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Barre Museum starts process of repatriation of sacred objects. Native leaders say they're all sacred.

The Barre Museum Association is located in the same building as the public library in Barre, Massachusetts.
Nancy Eve Cohen
/
NEPM
The Barre Museum Association is located in the same building as the public library in Barre, Massachusetts.

A museum in Barre, Massachusetts, said it has started the process of hiring an expert to evaluate its collection of objects from native tribes, as part of a repatriation process.

Sioux leaders believe the items in the tiny Barre Museum Association came off the bodies of their relatives who were killed in Wounded Knee South Dakota by the U.S. Cavalry in 1890.

Ann Meilus, president of the board of the Barre Museum Association, said it's hiring someone with knowledge of native objects to assess and provide information about the collection.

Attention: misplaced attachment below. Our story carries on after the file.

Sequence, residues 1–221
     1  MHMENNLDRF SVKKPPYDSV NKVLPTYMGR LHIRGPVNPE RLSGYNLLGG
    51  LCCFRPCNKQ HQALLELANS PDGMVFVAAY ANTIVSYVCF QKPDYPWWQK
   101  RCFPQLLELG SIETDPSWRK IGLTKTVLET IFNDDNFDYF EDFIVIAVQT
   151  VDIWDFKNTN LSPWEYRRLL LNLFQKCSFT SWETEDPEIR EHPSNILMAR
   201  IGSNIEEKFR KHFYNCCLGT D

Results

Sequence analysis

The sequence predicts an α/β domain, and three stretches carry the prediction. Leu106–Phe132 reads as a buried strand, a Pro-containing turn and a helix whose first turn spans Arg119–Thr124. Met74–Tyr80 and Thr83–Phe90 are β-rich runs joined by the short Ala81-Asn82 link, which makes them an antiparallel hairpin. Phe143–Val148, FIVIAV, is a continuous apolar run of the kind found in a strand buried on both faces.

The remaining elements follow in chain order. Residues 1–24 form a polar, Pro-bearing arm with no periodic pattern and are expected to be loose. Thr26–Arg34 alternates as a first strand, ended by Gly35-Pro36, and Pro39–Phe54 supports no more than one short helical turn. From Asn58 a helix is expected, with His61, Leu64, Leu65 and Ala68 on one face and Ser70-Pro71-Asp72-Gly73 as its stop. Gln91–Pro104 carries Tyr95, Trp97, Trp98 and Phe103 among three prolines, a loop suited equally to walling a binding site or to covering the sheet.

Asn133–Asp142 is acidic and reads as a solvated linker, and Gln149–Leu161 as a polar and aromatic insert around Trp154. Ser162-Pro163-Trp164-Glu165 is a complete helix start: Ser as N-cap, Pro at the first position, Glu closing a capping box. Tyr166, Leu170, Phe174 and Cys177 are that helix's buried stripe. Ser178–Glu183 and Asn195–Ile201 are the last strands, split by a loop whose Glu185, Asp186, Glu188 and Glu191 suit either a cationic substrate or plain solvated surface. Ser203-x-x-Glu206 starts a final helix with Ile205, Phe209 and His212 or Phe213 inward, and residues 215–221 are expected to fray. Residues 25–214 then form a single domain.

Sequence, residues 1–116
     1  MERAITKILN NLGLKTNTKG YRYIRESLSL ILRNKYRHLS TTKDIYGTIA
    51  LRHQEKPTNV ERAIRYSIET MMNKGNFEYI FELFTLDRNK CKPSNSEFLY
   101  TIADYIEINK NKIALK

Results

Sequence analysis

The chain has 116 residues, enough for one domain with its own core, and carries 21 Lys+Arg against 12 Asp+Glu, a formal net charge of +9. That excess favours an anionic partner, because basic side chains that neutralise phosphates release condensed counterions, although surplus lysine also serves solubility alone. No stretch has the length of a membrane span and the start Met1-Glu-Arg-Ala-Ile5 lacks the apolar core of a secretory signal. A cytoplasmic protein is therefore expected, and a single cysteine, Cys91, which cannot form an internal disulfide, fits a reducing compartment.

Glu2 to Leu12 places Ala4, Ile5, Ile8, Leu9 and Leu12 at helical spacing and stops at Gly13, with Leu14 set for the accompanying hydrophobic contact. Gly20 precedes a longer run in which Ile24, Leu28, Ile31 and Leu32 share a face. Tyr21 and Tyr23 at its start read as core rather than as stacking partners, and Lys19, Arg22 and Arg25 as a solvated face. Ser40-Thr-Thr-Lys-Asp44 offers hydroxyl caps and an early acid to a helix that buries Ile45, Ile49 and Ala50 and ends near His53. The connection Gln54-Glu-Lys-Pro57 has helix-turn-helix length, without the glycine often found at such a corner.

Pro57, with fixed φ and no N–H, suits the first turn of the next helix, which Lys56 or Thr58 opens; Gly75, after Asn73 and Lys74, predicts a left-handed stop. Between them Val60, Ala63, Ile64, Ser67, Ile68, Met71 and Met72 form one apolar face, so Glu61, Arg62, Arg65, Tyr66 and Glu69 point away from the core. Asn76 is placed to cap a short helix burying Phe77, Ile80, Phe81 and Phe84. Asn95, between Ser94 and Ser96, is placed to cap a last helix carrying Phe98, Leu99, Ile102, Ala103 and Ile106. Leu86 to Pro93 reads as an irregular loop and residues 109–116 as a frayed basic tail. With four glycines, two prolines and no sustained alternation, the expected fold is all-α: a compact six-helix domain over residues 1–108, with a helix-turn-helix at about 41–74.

"If they're deemed to be a sacred artifact, the association has agreed to return the items," Meilus said.

Sacred - under NAGPRA, the Native American Graves Protection and Repatriation Act.

Meilus said the museum plans to follow NAGPRA, "as best we can," even though, she said the museum doesn't receive federal funding so it's not required to follow the law.

Renee and Manny Iron Hawk from the Cheyenne River Sioux tribe in South Dakota visited the museum in April to ask that the items be repatriated. They said they consider the peace pipes, moccasins and other objects all sacred and that they should be returned.

Manny's grandfather was killed at Wounded Knee. And his grandmother survived.

Renee, the secretary of HAWK 1890, a survivor descendants society, said when she visited the museum this spring she recognized the symbols and beadwork that come from her family.

"To us, they're not antiques, they're not artifacts. They're belongings to our relatives," she said.

Ann Meilus said it could take years for the museum to complete the repatriation process.

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